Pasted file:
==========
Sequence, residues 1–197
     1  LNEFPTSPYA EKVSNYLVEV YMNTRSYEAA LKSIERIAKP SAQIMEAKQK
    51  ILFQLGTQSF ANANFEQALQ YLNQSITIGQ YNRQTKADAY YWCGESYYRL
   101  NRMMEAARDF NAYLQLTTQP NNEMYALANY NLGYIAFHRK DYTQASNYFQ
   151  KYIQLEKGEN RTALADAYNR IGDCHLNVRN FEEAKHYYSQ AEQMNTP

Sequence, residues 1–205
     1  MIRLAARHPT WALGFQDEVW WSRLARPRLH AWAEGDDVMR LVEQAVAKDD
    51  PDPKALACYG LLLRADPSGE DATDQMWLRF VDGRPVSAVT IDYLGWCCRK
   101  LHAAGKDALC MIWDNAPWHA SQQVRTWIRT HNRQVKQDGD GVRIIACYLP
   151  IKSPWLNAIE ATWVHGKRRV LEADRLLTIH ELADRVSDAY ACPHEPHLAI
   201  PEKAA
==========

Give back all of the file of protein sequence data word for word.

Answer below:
Sequence, residues 1–197
     1  LNEFPTSPYA EKVSNYLVEV YMNTRSYEAA LKSIERIAKP SAQIMEAKQK
    51  ILFQLGTQSF ANANFEQALQ YLNQSITIGQ YNRQTKADAY YWCGESYYRL
   101  NRMMEAARDF NAYLQLTTQP NNEMYALANY NLGYIAFHRK DYTQASNYFQ
   151  KYIQLEKGEN RTALADAYNR IGDCHLNVRN FEEAKHYYSQ AEQMNTP

Sequence, residues 1–205
     1  MIRLAARHPT WALGFQDEVW WSRLARPRLH AWAEGDDVMR LVEQAVAKDD
    51  PDPKALACYG LLLRADPSGE DATDQMWLRF VDGRPVSAVT IDYLGWCCRK
   101  LHAAGKDALC MIWDNAPWHA SQQVRTWIRT HNRQVKQDGD GVRIIACYLP
   151  IKSPWLNAIE ATWVHGKRRV LEADRLLTIH ELADRVSDAY ACPHEPHLAI
   201  PEKAA